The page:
One aspect of our democracy is that we respect the rights of the majority. It is a small miracle in the whole history of mankind that here, and in a very few other places, a majority of votes can lead to peaceful change of power. Another—I would say equal aspect of a democracy—is that we defend the rights of minorities. That is not so easy especially when, as seems to be the case here, a minority has the majority of public opinion against it but the majority of elected opinion in the other place—elected some time ago—against it. Unless we are prepared to tolerate what we do not like, any notion of liberty is a chimera.

Of course, there have to be rules. I suggest that the principal rule is that the activities of the minority do not endanger human life and do not harm other people. Hunting does neither of these. Minorities should obey the laws of the land—those who hunt do that. Minorities should not infringe on the rights of others. Those who hunt do not do that. Hunting outrages some people—but so do many other things. Indeed, when your Lordships look at some of our newspapers you could conclude that the British are in a permanent state of outrage about one thing or another, but that does not lead us to ban these "outrages" right, left and centre, regardless of logic and sound minority opinion.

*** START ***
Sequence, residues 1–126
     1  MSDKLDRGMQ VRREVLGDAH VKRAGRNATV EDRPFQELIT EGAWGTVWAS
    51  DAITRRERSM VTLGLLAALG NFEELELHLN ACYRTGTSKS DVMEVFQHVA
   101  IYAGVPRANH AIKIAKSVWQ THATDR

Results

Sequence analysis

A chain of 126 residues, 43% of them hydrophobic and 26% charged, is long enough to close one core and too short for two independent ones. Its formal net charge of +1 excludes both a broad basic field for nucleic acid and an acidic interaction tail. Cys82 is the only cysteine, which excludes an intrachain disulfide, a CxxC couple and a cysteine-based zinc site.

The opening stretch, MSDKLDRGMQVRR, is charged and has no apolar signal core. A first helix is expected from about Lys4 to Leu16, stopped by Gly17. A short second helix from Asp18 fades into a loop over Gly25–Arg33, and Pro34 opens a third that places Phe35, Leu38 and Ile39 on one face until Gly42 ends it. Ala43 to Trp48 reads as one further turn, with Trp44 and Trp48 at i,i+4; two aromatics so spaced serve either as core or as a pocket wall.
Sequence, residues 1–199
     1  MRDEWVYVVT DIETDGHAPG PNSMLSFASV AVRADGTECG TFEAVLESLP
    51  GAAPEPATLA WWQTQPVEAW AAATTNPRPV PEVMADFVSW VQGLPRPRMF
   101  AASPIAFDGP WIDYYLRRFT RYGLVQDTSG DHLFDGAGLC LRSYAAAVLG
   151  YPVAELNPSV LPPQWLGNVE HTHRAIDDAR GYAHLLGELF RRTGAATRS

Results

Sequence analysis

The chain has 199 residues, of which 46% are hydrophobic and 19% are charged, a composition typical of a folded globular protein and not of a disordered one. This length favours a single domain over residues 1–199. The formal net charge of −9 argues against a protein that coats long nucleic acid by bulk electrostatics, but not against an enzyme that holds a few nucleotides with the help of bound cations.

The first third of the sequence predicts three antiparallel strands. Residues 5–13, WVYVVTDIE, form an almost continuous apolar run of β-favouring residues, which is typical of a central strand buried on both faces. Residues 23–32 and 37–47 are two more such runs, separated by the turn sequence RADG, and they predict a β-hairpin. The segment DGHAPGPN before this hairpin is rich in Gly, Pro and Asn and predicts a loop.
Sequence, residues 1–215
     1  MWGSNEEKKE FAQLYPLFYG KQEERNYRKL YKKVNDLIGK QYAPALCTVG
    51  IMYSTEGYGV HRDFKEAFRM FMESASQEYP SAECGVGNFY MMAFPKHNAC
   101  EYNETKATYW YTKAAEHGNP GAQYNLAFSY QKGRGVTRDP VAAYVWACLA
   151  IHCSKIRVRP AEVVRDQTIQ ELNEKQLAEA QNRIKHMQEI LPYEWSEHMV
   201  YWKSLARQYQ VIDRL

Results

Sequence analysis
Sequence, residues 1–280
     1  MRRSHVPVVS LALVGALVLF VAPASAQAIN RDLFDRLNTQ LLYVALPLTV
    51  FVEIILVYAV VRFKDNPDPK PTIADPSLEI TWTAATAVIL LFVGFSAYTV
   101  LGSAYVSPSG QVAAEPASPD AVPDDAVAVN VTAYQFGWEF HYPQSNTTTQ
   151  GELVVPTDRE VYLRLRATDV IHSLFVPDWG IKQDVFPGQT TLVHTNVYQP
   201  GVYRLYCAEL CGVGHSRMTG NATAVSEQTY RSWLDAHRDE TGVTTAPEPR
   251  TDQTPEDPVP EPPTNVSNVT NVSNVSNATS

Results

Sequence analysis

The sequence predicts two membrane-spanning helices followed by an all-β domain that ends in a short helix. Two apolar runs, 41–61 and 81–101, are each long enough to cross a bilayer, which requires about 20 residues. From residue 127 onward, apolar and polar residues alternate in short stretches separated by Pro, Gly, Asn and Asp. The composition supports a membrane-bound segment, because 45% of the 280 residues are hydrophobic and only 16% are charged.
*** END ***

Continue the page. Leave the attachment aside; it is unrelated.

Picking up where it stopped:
One man's outrage is another man's right to have a richer life, provided that nobody is harmed and the law is not broken. There are other positive matters that I do not have time to talk about today—matters of tradition, sport, skill and enjoyment, none of which are light matters or dismissable. But what has emerged most strongly to me in the course of this debate, inside and outside Westminster, is the question of liberty. When we look at what is now permitted—in the name

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of minority rights in the sexual field, for example—the rights being demanded by those who are pro-hunting seem very modest.